Over the course of the season, Snell made some minor strides towards the better. He fixed a glaring weakness in terms of efficiency, going from a TS% of .489 last year (considerably below league average) to .550 this year, which is actually above league average. The reason for that? A hot-as-hell February in which he dropped 13.6 points a night on a ridiculous Kyle Korver-esque TS% of .747 over nine games. Included in that was a 24-for-46 showing from downtown, obviously an anomaly, which just makes his situation so terribly difficult to really pin down. Do we look at the big picture and go "Well, without February, he really wasn't all that good" - or, the more positive spin "Look at that February! If he can just dig into that bag more often..."?
The correct answer lies somewhere in the middle. Snell shouldn't be necessarily penalized for his February since, after all, he did put up those numbers, anomaly or not. But it shouldn't be the foundation of which anyone build their new expectations in regards to Snell.
At the end of the day, Snell had some success which was drastically necessary for him, and this should be the basis of which he should be judged. He got more confidence in his long-ball, there were moments when he looked visibly comfortable with the rock, which was in way the situation the season prior, and he was better off as a result of that. Just slightly, but that's okay.
Much like with his offense, Snell's defense was either hot or cold. With the Bulls generally defending worse this season, Snell was stuck in the very middle of it, spending time with everyone from the starters and the primary back-up rotation, to playing clean-up duty. He played generally worse as a starter, proving himself too think to take on stronger wings, but was adequate off the bench when matched up against players of lesser skill and strength.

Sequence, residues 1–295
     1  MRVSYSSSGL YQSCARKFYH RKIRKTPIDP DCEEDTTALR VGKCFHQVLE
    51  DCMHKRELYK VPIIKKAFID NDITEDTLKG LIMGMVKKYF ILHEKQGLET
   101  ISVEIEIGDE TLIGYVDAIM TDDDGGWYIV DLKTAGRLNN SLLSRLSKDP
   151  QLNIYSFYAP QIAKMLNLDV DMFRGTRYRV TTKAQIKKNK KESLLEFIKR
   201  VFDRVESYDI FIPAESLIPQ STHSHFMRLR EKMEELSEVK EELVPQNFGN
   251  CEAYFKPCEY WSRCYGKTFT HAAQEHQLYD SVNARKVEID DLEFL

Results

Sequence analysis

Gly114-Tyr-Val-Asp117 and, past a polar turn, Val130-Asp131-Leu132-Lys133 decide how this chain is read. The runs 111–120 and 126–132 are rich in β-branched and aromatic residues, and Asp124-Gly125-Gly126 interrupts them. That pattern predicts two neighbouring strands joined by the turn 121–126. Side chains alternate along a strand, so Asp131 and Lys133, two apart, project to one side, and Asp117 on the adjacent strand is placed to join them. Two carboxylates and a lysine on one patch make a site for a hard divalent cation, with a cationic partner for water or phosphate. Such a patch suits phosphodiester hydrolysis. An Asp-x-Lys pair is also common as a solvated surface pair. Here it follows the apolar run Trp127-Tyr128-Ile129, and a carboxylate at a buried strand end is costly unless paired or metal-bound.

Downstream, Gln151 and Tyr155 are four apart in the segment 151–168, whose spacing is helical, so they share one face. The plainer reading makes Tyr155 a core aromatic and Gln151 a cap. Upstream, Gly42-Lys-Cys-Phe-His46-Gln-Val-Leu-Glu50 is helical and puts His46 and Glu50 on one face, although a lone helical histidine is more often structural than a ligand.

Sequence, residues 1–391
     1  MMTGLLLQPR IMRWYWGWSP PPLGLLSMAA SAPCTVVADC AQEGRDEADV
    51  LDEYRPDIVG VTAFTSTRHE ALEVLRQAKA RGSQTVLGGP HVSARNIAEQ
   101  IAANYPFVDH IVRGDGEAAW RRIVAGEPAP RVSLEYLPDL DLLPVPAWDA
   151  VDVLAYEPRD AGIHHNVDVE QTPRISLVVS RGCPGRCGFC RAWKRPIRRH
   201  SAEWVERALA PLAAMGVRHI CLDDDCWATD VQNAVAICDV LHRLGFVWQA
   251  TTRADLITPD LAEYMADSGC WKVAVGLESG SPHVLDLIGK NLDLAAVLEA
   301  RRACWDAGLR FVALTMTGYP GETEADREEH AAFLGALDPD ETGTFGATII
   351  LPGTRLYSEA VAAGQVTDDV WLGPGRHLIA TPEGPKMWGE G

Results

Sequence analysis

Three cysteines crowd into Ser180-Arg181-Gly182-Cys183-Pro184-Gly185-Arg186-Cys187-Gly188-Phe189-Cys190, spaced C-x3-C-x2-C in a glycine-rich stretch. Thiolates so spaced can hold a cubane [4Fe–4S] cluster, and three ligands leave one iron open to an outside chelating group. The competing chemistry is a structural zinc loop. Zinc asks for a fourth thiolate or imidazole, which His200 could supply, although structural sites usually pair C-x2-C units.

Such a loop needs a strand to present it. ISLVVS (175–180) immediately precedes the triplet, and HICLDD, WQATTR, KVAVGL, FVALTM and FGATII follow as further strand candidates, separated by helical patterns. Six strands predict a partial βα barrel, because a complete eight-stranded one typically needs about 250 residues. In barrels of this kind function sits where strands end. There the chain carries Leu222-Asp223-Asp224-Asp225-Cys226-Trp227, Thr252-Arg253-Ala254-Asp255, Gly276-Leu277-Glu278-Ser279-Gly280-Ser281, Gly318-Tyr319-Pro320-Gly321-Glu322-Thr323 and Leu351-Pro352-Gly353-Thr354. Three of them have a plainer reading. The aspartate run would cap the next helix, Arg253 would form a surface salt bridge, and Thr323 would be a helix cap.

Against the three-pointer, Snell was struggling making it out the shooter if he tried to recover from double-teams, or simply picking up a switch. This resulted in Snell allowing players to shoot 3.9% better than their average from behind the arc. Surprisingly, Snell helped lower the shooting percentages of players closer to the rim, as he affected their shots by 3.5% from within six feet. But that was primarily his one defensive asset, as he, in totality, allowed almost 3% better shooting on the perimeter, and outside 15 feet. This is such a crucial area to be effective in, and Snell just wasn't.
"Brought it factor"
Snell brought it in February, and then stood by somewhat outside of that. The passiveness of Snell has frequently been a problem, and while he had some moments this season in which he took some steps in that department, he's still far off as being considered someone who's bringing it.
Highlight of the season
Had he not gone cold in April, suggesting even more so than usual that he's a Dee Brown type player (the 90's version, not the Illinois version) who is either fantastically cold or fantastically hot, I'd given him a solid C+ and a tip of the hat. But that didn't happen, so he needs to settle for a grade that he should be able to beat next year.
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